A Travellerspoint blog

Driving day


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Today was just a driving day, about 4h from Oshawa [Oshawa-travel-guide-204097] to Ottawa [Ottawa-travel-guide-204103] (plus breaks). We departed around 1000 after a surprisingly good hot breakfast at the La Quinta.

We opted for a slightly longer route through Kingston as it would give us a lunch break at Costco around 1200. We confidently walked in through the front door despite not having membership. As Canada is cold, the food areas are located indoors unlike in LA. Our regular chicken Caesar was available but the chicken bake wasn’t on their menu, so we made do with a hot dog instead.

After lunch and a fill-up for the car, we continued inland (away from the river) on normal roads which was more scenic. We took a short break at Walmart to see if we could find something to hold our GPS (the sucker didn’t like the windscreen). Instead we found something that held up my phone on the dash very well.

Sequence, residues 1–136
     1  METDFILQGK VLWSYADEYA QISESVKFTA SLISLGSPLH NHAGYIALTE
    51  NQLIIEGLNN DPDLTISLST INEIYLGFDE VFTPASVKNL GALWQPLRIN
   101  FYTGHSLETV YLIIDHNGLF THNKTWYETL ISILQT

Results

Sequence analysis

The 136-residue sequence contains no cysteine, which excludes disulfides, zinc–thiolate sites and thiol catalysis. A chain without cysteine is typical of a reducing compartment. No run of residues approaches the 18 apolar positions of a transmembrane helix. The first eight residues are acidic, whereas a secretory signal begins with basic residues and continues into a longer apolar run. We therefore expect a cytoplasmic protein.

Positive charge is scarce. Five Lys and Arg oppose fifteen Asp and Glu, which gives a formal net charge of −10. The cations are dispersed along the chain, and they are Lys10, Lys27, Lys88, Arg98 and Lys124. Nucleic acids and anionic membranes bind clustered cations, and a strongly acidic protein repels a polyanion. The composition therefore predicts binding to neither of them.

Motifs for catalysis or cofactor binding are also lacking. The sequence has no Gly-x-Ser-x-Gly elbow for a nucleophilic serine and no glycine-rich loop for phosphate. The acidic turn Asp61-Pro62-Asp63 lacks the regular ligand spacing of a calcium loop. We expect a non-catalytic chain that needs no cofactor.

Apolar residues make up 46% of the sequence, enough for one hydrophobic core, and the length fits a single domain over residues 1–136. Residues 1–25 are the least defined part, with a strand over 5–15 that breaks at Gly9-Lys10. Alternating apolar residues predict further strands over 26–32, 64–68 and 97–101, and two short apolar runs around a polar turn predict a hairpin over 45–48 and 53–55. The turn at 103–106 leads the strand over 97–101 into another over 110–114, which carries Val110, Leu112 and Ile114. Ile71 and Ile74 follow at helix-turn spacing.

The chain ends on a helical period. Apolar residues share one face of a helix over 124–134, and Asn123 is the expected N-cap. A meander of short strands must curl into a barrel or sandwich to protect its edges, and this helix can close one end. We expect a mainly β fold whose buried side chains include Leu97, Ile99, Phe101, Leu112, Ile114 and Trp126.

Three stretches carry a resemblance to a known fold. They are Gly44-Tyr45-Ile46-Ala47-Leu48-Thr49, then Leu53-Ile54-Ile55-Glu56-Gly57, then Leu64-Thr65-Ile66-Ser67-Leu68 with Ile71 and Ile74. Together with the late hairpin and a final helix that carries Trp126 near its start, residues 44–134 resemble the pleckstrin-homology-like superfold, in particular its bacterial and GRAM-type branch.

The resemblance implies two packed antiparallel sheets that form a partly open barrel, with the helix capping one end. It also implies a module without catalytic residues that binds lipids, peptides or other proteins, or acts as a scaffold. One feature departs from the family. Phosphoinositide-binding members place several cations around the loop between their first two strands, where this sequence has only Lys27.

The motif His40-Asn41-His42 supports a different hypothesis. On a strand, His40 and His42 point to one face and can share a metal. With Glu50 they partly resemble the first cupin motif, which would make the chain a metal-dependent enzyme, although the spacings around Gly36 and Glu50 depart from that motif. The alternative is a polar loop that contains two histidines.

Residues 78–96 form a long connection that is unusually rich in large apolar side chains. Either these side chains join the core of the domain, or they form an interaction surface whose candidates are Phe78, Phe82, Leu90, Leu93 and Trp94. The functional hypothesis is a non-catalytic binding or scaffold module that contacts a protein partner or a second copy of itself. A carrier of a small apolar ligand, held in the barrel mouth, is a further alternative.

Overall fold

We got to the Diefenbunker on the western edge of Ottawa, a remnant from the Cold War around 1530 just as ticket sales had stopped; it closed at 1600. It appeared to be an interesting enough place for us to return to, so we noted it down for the day after.

It was about 40 minutes to Adam’s Airport Inn, our home for the next two nights. It appeared to be a very Arab area with a few shawarma shops. Dinner in the Mexican was awesomely tasty and large. Both girls looked Levantine and the one with a hijab happily made my shredded pork(!) salad.

Posted by alexchan 17:00 Archived in Canada Comments (0)

Visiting Niagara Falls


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large_5550_14734704453228.jpgLeaving Isabella Hotel in our upgraded vehicle.
Breakfast at the hotel didn’t start till 0800. We would have liked to eat and get going earlier but this was a limitation. There were people already eating when we turned up on the dot at 0800. We ate, checked out and walked to Budget rent-a-car about 15 minutes away.